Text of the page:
When am I my weakest? When am I most easily attacked? When does the enemy, all those outside influences seeking to do you harm, have the greatest opportunity to strike. The enemy attacks when your mind is at it weakest.
Marcus Aurelius said, “You have power of your mind – not outside events. Realize this and you will find strength.” You are weakest, when you lose control over your mind. When are you susceptible to losing that control? It is when you are angry. It is hard to be angry and think straight. It is hard to make rational decisions in anger. This is when you are at your weakest. This is when you are vulnerable to attack. Remember your character is on the line. Your name is on the line. Hold the line! Do not become a victim of your own stupidity.
A city breached and left defenseless are those who do not control their temper. -Proverbs 25:28
From the day he was born, it was easy to imagine all the things he might do in life. I could see his athletic prowess on the field of play, and it didn’t even matter what field he was playing on. It didn’t matter if he still hadn’t taken his first step. The idea of him not liking sports never entered the picture of my imagination. The same imagination that envisioned a young Einstein with a certain love for reading the classics. At his earliest age, I imagined endless possibilities of what his future would bring.
But in the end, does it really matter? Who cares what sport he chooses, if he even chooses one. I hope he does, and then my hope is that he gives it everything he’s got. Along the lines of academics, my wish is that he does the best he can. I actually don’t care which direction his future goes, as long as he has just one thing. What would make me really happy about his future?
My son, if your heart is wise, my heart will also rejoice. -Proverbs 23:15
Later this week I hope to post my thoughts on being sick. That’s where I have been the last 6 days.
Knowledge can be passed on. So can understanding. You can be smart, and be without wisdom. I wish I could give you wisdom, but I cannot. You have to find it for yourself. It will not come to you overnight. It is a process. A very long, arduous process. One, that hopefully you will be striving for your whole life.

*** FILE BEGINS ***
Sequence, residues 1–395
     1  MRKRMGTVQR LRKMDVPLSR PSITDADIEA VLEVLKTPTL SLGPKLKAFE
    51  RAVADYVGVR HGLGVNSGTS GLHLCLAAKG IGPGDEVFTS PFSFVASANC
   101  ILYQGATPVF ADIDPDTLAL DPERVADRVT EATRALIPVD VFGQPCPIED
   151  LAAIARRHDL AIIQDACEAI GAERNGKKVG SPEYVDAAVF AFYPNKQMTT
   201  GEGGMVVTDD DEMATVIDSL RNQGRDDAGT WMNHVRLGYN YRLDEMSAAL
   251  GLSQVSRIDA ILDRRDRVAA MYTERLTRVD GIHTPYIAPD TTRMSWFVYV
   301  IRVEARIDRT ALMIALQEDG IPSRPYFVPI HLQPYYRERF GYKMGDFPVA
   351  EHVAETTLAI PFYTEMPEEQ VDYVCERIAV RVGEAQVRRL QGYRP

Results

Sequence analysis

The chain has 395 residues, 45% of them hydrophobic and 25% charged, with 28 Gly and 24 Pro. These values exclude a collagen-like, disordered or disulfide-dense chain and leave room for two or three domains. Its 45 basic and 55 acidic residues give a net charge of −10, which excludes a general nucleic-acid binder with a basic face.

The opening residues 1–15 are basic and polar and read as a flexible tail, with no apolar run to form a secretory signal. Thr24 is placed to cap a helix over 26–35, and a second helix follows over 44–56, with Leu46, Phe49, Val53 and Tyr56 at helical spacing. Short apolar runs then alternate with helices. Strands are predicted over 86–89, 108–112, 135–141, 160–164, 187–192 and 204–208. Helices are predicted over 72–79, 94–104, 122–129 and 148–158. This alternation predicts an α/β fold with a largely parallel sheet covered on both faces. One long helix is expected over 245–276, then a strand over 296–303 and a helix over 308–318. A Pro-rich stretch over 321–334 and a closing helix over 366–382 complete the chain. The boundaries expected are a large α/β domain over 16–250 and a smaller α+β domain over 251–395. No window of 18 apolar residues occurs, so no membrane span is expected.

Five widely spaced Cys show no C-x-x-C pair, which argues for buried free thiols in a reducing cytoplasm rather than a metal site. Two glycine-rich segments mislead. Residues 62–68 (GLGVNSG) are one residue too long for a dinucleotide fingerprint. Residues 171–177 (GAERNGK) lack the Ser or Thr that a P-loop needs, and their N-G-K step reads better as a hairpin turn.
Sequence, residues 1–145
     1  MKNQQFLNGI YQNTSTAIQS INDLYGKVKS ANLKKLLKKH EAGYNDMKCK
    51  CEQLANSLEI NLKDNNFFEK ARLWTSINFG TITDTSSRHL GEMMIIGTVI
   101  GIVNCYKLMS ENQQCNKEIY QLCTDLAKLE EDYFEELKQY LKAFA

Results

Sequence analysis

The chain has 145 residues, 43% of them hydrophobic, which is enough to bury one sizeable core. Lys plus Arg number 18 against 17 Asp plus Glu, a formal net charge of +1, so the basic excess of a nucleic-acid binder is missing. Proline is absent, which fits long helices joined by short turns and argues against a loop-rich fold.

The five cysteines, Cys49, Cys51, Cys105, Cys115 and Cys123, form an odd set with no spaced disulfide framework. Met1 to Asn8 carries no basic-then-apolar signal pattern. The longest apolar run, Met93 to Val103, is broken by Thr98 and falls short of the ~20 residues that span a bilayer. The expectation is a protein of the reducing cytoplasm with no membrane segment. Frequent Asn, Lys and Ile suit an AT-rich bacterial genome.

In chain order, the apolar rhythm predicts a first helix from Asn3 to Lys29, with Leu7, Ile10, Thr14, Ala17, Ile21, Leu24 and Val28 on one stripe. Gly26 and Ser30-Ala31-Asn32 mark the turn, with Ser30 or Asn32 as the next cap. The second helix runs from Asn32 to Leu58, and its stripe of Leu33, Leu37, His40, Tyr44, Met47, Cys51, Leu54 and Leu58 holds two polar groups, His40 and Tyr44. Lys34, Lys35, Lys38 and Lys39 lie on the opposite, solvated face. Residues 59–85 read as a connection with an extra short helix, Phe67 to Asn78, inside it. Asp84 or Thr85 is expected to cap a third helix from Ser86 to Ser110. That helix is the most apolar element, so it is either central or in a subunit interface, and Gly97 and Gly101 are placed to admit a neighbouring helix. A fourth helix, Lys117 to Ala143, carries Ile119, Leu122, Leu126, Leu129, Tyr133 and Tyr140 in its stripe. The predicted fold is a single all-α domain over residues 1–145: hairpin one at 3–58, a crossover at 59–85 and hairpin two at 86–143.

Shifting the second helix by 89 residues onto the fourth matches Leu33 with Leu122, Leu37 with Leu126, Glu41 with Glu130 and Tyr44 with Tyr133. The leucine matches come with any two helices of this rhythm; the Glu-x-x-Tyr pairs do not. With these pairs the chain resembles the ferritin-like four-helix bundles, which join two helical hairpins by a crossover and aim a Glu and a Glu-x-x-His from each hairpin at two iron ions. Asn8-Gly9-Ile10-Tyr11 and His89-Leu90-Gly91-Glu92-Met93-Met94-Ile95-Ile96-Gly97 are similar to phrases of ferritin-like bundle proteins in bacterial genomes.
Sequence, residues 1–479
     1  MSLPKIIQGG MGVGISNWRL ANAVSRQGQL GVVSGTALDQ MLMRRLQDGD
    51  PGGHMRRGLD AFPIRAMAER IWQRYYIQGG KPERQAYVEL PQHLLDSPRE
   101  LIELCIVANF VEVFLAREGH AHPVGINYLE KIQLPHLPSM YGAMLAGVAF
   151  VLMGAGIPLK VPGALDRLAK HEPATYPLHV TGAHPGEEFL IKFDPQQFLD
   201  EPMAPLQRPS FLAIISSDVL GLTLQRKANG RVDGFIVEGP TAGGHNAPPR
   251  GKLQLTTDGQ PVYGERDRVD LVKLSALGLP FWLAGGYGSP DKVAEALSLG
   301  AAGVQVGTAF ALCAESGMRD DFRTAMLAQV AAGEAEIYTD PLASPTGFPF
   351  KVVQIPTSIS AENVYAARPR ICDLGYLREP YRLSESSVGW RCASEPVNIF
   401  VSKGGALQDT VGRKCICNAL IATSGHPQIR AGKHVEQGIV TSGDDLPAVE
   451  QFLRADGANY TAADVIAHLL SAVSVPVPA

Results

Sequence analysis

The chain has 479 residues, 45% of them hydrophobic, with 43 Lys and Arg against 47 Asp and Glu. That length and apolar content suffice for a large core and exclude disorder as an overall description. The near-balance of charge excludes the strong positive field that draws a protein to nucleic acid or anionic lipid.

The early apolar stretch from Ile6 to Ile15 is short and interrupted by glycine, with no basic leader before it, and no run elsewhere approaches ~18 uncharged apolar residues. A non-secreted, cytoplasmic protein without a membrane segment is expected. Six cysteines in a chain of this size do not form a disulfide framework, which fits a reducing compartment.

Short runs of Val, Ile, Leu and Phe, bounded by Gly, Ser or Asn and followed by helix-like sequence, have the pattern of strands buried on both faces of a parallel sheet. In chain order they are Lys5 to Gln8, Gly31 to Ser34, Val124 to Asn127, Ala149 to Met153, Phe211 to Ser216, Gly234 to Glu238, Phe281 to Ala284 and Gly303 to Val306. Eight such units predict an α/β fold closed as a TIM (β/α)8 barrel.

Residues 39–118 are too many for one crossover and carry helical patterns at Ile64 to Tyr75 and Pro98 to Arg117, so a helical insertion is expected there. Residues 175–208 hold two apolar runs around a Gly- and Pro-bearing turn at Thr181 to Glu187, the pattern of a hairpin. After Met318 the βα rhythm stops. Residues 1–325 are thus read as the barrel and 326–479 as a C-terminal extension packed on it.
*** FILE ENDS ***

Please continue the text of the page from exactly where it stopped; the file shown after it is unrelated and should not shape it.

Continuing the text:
Though I can’t give you wisdom, I can give you a tip. It is a key to unlocking this door. Listen to those who are wise. Let them be your teachers. Find the ones that are on the right path and learn from them.
Listen to counsel and receive instruction, that you may eventually be wise. -Proverbs 19:20
Last Monday, I wrote about the way we respond to others. Now let us take it a step farther. What is your reaction to an offense? Do you have the ability to let it go? Or, do you let it fester? Maybe you vent a little to a sympathetic friend about this injustice?
I was watching a show with Alec last weekend, and he heard the the word humble. He asked what it meant. My response was the opposite of pride, which led me to explain what pride meant. Being humble is a good thing. You are less likely to be offended if you are humble.
We should not let our pride interfere with our relationships. Where is the need for conflict resolution if we prevent the conflict? Sometimes we just need to take a step back and breathe. Hey, let it go.
Whoever overlooks an offense fosters friendship, but whoever gossips separates very friends. -Proverbs 17:9
Someone is in a mood, and you are the next target. He is coming at you at you and likely has the intention of provoking an argument. He is not happy. He doesn’t want to be the only one wallowing in the muck. He wants you there right there by his side.
It could be he is not even looking for a fight. It could just be a misunderstanding. Some poor communication, bad timing, or a feeble attempt at humor that went a bit sideways.
It is easy to get caught in the trap. Maybe you are in a bad mood yourself, and this is what you have been waiting for. Don’t take the bait. You could end up in an argument you may soon regret. Once you let those words fly, you cannot get them back. Depending on your environment, your upcoming spat could have a negative impact on others.
There is another choice. There is a different path. Choose that one and immediately spot the difference.
A mild answer turns back wrath, but a harsh word stirs up anger. -Proverbs 15:1